The F-150’s evolution continues with a styling refresh and more advanced safety features. The base engine is now a 282-hp, 3.3-liter V6, and more engines in the lineup will be teamed with a 10-speed automatic. Fuel-saving automatic start/stop is standard across the range. The F-150 gains automatic emergency braking and adaptive cruise control. A 3.0-liter turbodiesel engine is coming for 2019.

Available: Fall 2017

See our complete Ford F-150 preview.

© LexusLively Luxury: Lexus LS

Longer, lower, wider, and reportedly 200 pounds lighter, the new LS is poised to remain a top choice in the ultraluxury sedan segment. The V8 has been replaced with a twin-turbo 3.5-liter V6 producing 415 hp, hooked to a new 10-speed automatic. Lexus claims a 0 to 60 mph time of 4.5 seconds. The high-tech cabin features a 12.3-inch infotainment screen along with a massive available 24-inch color head-up display.

Available: November 2017

See our complete Lexus LS preview.

© KiaSport Appeal: Kia Stinger

Kia is boldly reaching for the enthusiast driver with the sleek, low-slung 2018 Stinger hatchback. Engines include a 255-hp, 2.0-liter turbo four-cylinder and a twin-turbo 365 hp, 3.3-liter V6, driving the rear or all wheels through an eight-speed automatic transmission. The suspension and steering will have five settings, from comfort to hard-core performance.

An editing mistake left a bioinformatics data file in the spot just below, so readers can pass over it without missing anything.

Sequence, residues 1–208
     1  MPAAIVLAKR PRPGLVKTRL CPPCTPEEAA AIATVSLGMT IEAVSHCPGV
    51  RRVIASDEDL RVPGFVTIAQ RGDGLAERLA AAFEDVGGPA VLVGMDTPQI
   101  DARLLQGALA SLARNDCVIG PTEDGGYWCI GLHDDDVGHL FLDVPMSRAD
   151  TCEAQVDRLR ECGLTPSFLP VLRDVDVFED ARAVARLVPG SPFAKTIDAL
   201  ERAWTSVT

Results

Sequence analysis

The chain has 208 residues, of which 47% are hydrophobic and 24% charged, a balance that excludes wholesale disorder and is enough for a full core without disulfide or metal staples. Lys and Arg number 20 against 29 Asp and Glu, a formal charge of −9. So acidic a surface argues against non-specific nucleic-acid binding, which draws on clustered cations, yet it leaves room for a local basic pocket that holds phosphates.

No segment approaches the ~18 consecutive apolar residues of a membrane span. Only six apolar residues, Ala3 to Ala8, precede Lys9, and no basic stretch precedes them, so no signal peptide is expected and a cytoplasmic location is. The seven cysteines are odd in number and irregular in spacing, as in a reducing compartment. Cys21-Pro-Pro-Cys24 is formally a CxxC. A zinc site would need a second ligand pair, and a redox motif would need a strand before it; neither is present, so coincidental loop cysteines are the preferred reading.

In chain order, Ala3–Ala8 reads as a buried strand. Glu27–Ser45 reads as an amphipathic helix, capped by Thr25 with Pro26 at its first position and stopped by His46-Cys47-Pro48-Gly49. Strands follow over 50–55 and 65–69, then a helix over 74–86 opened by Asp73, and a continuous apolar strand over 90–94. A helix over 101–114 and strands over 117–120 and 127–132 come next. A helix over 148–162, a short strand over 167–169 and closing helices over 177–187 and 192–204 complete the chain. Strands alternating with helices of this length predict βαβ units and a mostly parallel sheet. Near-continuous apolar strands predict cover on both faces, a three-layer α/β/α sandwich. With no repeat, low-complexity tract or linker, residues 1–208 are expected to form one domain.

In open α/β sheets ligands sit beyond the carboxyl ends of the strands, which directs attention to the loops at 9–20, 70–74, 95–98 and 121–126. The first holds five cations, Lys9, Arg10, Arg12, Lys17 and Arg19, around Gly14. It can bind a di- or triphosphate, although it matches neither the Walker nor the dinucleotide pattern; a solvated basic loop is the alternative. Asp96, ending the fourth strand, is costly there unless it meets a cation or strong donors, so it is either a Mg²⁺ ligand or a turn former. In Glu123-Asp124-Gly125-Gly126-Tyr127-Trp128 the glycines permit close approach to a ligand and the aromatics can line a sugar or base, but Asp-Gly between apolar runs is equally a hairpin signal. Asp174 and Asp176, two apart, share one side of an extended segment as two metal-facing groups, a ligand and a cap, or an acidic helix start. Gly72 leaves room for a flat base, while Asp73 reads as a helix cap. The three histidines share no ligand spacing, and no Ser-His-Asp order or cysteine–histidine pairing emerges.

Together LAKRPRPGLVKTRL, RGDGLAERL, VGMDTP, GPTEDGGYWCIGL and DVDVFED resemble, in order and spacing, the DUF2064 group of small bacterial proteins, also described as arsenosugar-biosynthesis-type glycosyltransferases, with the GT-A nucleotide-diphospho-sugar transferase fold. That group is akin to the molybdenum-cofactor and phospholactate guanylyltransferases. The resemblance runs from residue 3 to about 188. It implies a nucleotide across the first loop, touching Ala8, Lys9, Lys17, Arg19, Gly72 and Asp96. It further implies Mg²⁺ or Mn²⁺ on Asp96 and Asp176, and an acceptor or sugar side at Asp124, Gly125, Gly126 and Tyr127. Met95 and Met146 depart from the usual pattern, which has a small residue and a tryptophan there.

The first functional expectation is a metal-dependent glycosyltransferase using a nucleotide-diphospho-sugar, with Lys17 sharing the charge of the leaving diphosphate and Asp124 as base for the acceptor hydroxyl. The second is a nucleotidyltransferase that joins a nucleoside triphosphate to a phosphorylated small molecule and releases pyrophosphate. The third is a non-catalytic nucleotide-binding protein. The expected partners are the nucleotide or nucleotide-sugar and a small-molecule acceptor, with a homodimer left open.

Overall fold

Available: December 2017

See our complete Kia Stinger preview.

© FordPerky Urbanite: Ford EcoSport

The Fiesta-based EcoSport is tasked with bringing driving zest to the expanding subcompact SUV segment. Ford’s smallest-ever SUV has a choice of a turbo 1.0-liter three-cylinder or a 2.0-liter four-cylinder, both paired with a six-speed automatic; the 2.0-liter comes standard with AWD. The EcoSport’s awkward side-hinged tailgate reflects considerations in other markets; it’s already on sale elsewhere in the world.

Available: Spring 2018

See our complete Ford EcoSport preview.

Editor's Note: This article also appeared in the April 2017 issue of Consumer Reports magazine.

Consumer Reports has no relationship with any advertisers on this website. Copyright © 2006-2017 Consumers Union of U.S.